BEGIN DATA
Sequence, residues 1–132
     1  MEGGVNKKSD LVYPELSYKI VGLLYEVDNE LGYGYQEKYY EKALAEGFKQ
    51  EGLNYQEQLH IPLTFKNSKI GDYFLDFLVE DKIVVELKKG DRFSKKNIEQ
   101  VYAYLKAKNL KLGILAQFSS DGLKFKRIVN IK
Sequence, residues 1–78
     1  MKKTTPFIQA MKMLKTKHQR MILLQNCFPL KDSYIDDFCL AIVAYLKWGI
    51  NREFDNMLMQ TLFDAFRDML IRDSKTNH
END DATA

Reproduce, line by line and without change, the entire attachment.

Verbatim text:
Sequence, residues 1–132
     1  MEGGVNKKSD LVYPELSYKI VGLLYEVDNE LGYGYQEKYY EKALAEGFKQ
    51  EGLNYQEQLH IPLTFKNSKI GDYFLDFLVE DKIVVELKKG DRFSKKNIEQ
   101  VYAYLKAKNL KLGILAQFSS DGLKFKRIVN IK
Sequence, residues 1–78
     1  MKKTTPFIQA MKMLKTKHQR MILLQNCFPL KDSYIDDFCL AIVAYLKWGI
    51  NREFDNMLMQ TLFDAFRDML IRDSKTNH